Tuesday, October 9, 2012

Why your SMB needs a private cloud

For small to medium size enterprises (SMB) the private cloud is the next natural step for their IT infrastructure. Their employees need access to data no matter where they are, and the employer needs them to be always on, and always connected. The organization is going to want to accomplish this goal in a manner that is cost effective, secure, and able to be owned.

Employees need their data. Almost every job these days from sales to engineering requires access to either some form of CRM (customer relations management) interface, ticketing system, knowledge base, or some other database oriented solution. Setting up some form of private cloud environment that is accessible from anywhere is the key to giving them what they need. It's becoming easier and easier to set up an infrastructure these days as well. You really just need some blade servers and some sort of virtualization platform tossed on top in order to deploy virtual machines to serve your purposes. Ultimately your deployment becomes less about hardware and more about services and software.

Your infrastructure cost should go down over time as well. While you wont be able to layoff your IT team, they will be able to automate more tasks, centralize more of the infrastructure, and spend time on things that develop the business instead of fighting fires. If you set up more centralized infrastructure with a proper disaster recovery and business continuity plan utilizing backup essentials you can create a resilient and accessible set of services for your employees and customers.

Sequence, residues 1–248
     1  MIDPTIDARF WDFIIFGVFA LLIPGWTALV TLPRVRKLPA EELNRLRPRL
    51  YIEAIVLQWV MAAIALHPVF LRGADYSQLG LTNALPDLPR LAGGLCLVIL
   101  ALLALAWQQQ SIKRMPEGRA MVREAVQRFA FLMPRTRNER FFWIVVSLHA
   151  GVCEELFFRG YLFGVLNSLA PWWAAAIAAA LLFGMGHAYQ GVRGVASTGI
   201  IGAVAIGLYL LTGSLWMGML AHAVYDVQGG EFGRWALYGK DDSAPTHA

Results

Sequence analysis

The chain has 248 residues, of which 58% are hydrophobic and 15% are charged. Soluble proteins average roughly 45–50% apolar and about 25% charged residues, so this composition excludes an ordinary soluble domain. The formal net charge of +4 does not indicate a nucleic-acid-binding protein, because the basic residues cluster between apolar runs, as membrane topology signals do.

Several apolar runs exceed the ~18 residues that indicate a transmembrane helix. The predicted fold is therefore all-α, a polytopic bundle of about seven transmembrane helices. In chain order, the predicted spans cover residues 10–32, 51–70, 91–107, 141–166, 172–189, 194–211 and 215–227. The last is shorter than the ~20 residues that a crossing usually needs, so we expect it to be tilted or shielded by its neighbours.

Ownership is also an issue of great import. One of the next big things in IT is going to be the 'how' in determining what filters to place on all this data that has been collected on users. The answer to that question is going to bring up a lot of privacy concerns, as well as the issue of user rights v. owner rights. Through the use of a private cloud you can avoid some of those pitfalls that you would run straight into by going to a public provider. The key portion of this is that in a private cloud scenario your data is housed in something you physically own. If you need to pull something, or migrate the data away you can and without being impeded by the governance of another organization outside of your own.

In owning the infrastructure yourself you can also lessen the risk of data leak. You have the opportunity to set your own strict testing and security standards. In the hands of another company your are subject to what ever policies they have dreamt up, be they for better or worse. This sort of thing is especially important if you are storing proprietary data, or personally identifiable customer/employee information.

The move to the private cloud is a natural step forward. We've witnessed over the past twenty years the empowerment of the personal desktop, which lead to the beginnings of a collaborative office environment. Now we're moving to each organization having it's own private cloud of computing power, giving them further capabilities and control. Your organization can move from a collaborative office environment to being that of a collaborative organization. No matter where your employees are, they can communicate and in a manner that is under your control.